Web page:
On 8th October 2005 there occurred in Northern Pakistan a movement of the earth's tectonic plates so devastatingly cataclysmic that entire mountain sides crashed to the floors of valleys,giant fissures opened to swallow and entomb farmers and their flocks, a generation of children was crushed to death under the roofs of their ill-constructed schools, villages and towns crumbled wholesale to rubble and a myriad souls perished in the debris. This is a valuable historical record of what followed, at both micro and macro-levels, seen through the eyes of but one of the thousands of aid workers and volunteers who worked in the affected region - the towns of Mansehra and Muzaffarabad, Bagh Batagram and Balakot, the valleys of Kaghan, Neelum and Alai, of Siran, Swat and Jhelum. Here is a unique windown on the suffering endured by the survivors and a tale of the immense courage of afflicted people whose hugely blighted lives could never again be the same.
(Unusually, following the disaster the Author assisted directly within a Pakistani NGO - Pattan - whose National Coordinator subsequently wrote to this effect: "On the day after the earthquake when I travelled to Balakot to assess the scale of the disaster I was overwhelmed, knowing very well that Pattan alone, despite its long experience, would not be able to assist a fraction of the victims effectively. We applied to VSO-UK for a disaster expert and when John Lane and his wife reached Islamabad they were immediately rushed to Balakot where Pattan had already established a tent village. They worked with Pattan for almost six months, carrying out their responsibilities with that rare combination of care and compassion backed by professional skill, and spent a great deal of their time with earthquake victims and in the process formed close bonds with them. In October 2008 they revisited Balakot and this book reflects the depth of Mr Lane's relationship with the survivors and with Pattan. Now - October 2010 - without being physically present John Lane is guiding us daily in our current Indus flood catastrophe, through his book ZALZALA. This is perhaps the first book written by a foreign volunteer on the 2005 earthquake. Pattan is humbled at being his host organisation and honoured to be associated with the publication of this book.")
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Reader's Review (J.Chesters - Jan 2012, London): "I finished ZALZALA a few days ago. I now feel quite at a loss - such is the way in which one gets caught up in the world depicted in John Lane's books. I really loved reading this: serious, funny, charming, sad by turns - it's another winner."
Review - RN Sailing Association Journal (Winter 2011): "John Lane gives a detailed and graphic account of the efforts made in the aftermath of the earthquake, brought very much alive by engaging and vivid pen pictures concerning the incidents and personalities along the way. His excellent work gives much food for thought ... sadly too, it reminds us of how quickly the world forgets."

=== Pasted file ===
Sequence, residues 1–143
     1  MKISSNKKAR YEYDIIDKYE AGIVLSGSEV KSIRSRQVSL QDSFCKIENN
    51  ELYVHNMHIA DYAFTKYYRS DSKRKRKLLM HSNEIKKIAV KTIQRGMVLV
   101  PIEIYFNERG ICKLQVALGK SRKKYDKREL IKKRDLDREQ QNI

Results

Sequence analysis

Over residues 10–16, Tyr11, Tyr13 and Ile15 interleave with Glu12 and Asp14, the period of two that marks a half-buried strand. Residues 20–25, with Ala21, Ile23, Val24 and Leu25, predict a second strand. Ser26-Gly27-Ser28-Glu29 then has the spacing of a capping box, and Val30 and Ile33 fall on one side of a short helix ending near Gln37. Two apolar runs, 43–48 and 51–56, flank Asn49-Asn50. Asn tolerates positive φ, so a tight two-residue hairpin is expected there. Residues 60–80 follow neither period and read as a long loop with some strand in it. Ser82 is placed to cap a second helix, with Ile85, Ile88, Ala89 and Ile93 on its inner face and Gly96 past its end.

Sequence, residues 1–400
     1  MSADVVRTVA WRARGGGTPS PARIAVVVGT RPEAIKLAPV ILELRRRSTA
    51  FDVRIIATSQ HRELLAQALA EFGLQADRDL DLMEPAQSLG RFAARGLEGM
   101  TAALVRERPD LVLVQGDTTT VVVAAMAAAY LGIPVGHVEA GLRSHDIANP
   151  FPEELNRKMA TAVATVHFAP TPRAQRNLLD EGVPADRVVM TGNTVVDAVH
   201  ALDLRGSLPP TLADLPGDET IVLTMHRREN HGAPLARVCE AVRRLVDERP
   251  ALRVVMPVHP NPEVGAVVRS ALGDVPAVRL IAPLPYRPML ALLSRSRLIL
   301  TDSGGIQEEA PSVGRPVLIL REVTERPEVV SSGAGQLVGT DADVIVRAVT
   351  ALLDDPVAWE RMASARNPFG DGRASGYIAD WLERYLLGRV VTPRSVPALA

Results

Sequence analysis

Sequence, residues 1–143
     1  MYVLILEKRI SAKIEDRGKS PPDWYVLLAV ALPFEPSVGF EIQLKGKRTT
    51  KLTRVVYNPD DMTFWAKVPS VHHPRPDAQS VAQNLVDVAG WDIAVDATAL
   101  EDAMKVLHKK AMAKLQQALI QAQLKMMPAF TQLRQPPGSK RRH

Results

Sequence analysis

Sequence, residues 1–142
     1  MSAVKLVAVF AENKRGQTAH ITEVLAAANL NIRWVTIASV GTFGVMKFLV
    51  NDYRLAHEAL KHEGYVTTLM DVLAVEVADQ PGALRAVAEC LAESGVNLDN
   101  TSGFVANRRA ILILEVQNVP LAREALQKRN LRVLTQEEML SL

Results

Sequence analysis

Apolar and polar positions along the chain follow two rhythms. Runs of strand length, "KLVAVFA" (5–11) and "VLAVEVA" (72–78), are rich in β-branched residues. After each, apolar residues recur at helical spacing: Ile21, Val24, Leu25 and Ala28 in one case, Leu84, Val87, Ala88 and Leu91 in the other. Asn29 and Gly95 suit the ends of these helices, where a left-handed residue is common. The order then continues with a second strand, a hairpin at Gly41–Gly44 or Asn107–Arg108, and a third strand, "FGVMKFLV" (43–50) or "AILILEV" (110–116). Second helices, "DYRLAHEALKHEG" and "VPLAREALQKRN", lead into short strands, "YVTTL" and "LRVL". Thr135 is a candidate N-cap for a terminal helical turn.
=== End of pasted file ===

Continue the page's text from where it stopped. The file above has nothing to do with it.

The Naval Review/Amazon (February 2012): "One might think that reading such an account would be grim, both in terms of the situation described and in terms of its content. Not so! Lane writes in highly literate prose and introduces an element of humour ... quotations throughout the book lend the narrative a lightness. He also has an undisguised disdain for elements of officialdom. This book was a surprise! It is clearly written by someone who enjoyed his time in Pakistan."
Zalzala – Diary of a Disaster
(South East Asia Earthquake 2005)
Published by Erudite eBooks - Kindle £6.90
(Hardback 'seconds' – ISBN 978-0-9566622-2-4: £6.95 direct from Author; order by e-mail)
Zalzala is the prize-winning frontline account of the 2005 South East Asia Earthquake by best selling author John Lane. The book charts six months of rescue and aid efforts in the foothills of the Himalyas in the aftermath of the disaster that left over three million people homeless, and recounts the efforts made to help the victims in the immediate wake of the tragedy and to ensure their survival through the ensuing winter and thereafter. It also relates what had been achieved on the long road to the 'restoration of normality' some three years after the catastrophic event. This absorbing book is a compelling read, and will, moreover, serve to inform those in the field of humanitarian aid concerning effective responses during the relief, rehabilitation and recuperation phases subsequent to any major natural disaster, highlighting some of the pitfalls to be avoided.
'Won First Prize for excellence and accomplishment in the Community Grand Award competition of the David St John Thomas Charitable Trust Writing Awards in London on 11th May 2011'
Illustrated presentation by arrangement - 60 minutes with questions.
Reader's Review (James Anthony - Aug 2011): "John Lane's account of the effects of the 2005 earthquake in Pakistan is as definitive as it is gripping, leaving the reader in no doubt as to how difficult it is to rebuild an infrastructure torn away by a natural disaster ... all related in a matter-of-fact, good yarn kind of way. Essential reading for anyone contemplating a career in disaster relief and humanitarian firefighting ... a blueprint that aid workers would be silly to ignore."